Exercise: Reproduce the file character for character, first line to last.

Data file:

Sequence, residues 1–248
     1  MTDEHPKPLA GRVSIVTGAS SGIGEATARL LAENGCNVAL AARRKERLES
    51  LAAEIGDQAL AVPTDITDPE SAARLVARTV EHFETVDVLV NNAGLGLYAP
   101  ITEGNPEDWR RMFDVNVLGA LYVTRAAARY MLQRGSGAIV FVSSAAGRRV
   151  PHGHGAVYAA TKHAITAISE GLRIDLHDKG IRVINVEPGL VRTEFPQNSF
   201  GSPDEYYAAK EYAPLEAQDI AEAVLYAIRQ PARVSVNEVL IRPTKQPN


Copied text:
Sequence, residues 1–248
     1  MTDEHPKPLA GRVSIVTGAS SGIGEATARL LAENGCNVAL AARRKERLES
    51  LAAEIGDQAL AVPTDITDPE SAARLVARTV EHFETVDVLV NNAGLGLYAP
   101  ITEGNPEDWR RMFDVNVLGA LYVTRAAARY MLQRGSGAIV FVSSAAGRRV
   151  PHGHGAVYAA TKHAITAISE GLRIDLHDKG IRVINVEPGL VRTEFPQNSF
   201  GSPDEYYAAK EYAPLEAQDI AEAVLYAIRQ PARVSVNEVL IRPTKQPN